Thursday, September 22, 2011

Unions and the Separation of Church and State

9/22/2011—Peter Laarman, executive director of Progressive Christians Uniting, a network of activist individuals and congregations headquartered in Los Angeles and former labor organizer, wrote a piece on September 18 about religion and labor. ("Case Against Church-State Separation From Unlikely Source") (hyperlink unavailable: go to

Laarman was discussing an article from the Journal Democracy entitled “The Church of Labor” written by Lew Daly, the author of God’s Economy, a 2009 book that argued in favor of the faith-based services initiative of President George Bush.

Daly has bigger fish to fry this time. His argument is that separation of church and state is connected to a predominantly Protestant ethos of individualism that is fundamentally hostile to all collective action, including unions. According to Laarman, Daly presents a “critique of the intertwining of free-market liberalism/Social Darwinism and ur-Protestant ideas about individual responsibility… .”

Daly’s basic idea is that rights based liberalism is a part of this individualist worldview. Unions, on the other hand, are founded out of a different view of the world—one that is based in human solidarity.

To this point, Laarman is in basic sympathy with Daly. He parts company over the connection Daly draws to the separation of church and state. In Daly’s prescription, legal and financial support for churches is also supportive of other associations, such as unions. Here is a quote from Daly’s article:

“In corporatist thinking, natural associations—including the family, religious bodies, occupational guilds and trade unions, and various other communal structures—should be legally enfranchised in their corporate nature, empowered as both subjects and creators of public policy, and protected as vital instruments of the common good.”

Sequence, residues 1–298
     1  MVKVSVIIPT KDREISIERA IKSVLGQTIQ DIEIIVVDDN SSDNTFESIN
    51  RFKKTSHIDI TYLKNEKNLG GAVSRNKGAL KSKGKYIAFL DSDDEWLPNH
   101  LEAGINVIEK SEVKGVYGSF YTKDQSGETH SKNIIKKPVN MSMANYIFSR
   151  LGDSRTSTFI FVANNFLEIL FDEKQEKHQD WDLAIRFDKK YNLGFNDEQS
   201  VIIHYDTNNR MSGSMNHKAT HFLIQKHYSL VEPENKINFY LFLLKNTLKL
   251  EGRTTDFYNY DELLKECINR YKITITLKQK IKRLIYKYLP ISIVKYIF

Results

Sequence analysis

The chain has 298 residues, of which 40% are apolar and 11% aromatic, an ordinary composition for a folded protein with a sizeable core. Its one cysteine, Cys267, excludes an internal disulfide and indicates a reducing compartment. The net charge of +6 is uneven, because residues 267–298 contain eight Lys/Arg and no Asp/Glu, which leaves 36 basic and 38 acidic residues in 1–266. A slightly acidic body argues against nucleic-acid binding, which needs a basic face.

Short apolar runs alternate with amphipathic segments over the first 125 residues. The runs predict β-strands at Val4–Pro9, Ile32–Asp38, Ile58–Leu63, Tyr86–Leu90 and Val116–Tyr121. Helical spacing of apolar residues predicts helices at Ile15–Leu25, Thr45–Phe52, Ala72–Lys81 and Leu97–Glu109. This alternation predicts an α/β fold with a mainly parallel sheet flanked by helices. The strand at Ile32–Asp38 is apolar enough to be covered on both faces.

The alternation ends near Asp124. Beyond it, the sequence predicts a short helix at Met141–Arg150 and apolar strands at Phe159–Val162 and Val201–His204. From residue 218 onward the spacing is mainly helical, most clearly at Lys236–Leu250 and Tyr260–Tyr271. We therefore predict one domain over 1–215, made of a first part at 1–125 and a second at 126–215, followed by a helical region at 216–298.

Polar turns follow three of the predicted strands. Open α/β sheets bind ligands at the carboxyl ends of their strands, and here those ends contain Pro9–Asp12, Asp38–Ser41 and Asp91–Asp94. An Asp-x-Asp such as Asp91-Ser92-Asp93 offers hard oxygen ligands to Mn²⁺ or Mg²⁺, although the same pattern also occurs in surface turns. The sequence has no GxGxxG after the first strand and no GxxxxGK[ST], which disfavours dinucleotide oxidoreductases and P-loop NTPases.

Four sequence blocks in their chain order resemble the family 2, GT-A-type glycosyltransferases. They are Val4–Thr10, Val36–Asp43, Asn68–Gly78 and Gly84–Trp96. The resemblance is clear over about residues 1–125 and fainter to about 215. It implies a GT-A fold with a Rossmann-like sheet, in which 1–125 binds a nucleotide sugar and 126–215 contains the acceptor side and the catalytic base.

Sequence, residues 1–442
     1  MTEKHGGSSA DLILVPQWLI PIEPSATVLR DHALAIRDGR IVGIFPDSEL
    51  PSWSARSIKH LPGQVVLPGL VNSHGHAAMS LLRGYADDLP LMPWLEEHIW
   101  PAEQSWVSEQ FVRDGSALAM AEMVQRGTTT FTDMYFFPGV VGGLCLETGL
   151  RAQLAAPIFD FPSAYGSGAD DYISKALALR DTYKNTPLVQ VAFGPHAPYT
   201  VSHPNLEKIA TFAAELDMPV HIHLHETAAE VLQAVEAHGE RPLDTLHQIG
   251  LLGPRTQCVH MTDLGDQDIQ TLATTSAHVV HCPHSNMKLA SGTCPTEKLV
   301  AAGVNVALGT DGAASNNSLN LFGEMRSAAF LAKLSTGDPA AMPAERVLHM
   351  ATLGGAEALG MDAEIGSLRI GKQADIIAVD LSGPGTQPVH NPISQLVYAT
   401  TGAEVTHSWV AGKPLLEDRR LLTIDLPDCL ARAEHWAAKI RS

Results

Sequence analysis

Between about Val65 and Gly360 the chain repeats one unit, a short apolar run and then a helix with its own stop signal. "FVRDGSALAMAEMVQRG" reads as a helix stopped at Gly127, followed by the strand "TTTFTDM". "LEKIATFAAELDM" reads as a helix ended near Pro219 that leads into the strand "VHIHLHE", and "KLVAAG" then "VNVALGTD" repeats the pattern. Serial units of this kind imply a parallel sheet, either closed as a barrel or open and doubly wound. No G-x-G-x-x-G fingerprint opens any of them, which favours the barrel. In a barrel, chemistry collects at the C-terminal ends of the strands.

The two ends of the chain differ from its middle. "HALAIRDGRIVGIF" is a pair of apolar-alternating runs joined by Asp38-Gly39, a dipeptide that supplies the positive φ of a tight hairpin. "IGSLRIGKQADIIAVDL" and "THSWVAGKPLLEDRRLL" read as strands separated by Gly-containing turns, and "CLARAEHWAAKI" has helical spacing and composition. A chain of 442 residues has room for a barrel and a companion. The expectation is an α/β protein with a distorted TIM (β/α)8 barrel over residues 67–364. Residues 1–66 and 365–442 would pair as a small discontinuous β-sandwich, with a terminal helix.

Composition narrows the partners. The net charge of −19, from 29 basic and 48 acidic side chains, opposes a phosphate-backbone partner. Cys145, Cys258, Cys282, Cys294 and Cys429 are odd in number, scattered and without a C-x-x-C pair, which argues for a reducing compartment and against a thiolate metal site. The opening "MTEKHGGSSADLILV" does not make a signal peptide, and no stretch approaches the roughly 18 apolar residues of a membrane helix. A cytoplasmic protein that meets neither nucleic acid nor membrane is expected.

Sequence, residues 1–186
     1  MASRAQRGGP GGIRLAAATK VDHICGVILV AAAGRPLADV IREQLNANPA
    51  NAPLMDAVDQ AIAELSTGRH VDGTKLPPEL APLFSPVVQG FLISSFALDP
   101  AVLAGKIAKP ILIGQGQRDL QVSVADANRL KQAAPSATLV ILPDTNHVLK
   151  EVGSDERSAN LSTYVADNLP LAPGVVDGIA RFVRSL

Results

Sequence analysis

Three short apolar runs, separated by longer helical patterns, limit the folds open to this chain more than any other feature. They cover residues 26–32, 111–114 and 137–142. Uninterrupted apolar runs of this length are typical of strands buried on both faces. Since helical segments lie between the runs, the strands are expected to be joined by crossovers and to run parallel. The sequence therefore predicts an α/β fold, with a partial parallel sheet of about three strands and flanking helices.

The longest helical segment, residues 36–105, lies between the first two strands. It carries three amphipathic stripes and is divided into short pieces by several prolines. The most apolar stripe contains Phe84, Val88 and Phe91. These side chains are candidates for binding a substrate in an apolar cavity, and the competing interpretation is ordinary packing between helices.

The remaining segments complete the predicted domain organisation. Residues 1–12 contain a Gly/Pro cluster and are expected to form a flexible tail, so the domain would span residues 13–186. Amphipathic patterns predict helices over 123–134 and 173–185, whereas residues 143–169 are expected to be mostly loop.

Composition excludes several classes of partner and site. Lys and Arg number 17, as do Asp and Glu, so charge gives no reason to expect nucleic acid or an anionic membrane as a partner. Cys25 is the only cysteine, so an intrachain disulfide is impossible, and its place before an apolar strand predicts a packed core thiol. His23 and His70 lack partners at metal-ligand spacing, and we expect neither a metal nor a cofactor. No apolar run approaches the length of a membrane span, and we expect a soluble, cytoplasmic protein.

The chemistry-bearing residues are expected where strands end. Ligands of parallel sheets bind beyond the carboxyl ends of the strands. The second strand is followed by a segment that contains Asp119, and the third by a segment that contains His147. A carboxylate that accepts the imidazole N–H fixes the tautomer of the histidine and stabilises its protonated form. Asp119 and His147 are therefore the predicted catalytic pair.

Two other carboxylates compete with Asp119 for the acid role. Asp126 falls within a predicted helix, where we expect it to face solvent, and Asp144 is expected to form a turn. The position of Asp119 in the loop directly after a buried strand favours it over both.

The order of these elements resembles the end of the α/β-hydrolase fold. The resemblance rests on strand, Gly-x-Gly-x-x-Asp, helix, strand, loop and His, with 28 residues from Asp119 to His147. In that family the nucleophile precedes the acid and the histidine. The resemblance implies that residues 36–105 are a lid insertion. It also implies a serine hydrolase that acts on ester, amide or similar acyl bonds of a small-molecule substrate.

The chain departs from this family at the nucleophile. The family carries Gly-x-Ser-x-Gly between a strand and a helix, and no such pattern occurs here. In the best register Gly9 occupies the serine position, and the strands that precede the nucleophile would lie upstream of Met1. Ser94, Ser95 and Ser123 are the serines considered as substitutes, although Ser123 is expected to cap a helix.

I can see why Laaarman is skeptical about support for churches leading to support for unions. Daly is describing a proposed cultural change and such changes do not proceed in a linear, cause and effect way. You might well end up eviscerating the separation of church and state and doing nothing at all for unions.

For me, Daly’s thinking and Laarman’s response raise two issues. First, just why is it that American Protestantism is so individualistic? Perhaps the greatest 20th century Protestant thinker, Karl Barth, was a Christian socialist and that has been a powerful movement in European history.

The second issue is cultural. Capitalism seems to require and foster individualism. This individualism may be destroying the notion of a common good and enshrining selfishness. How is that to be changed?

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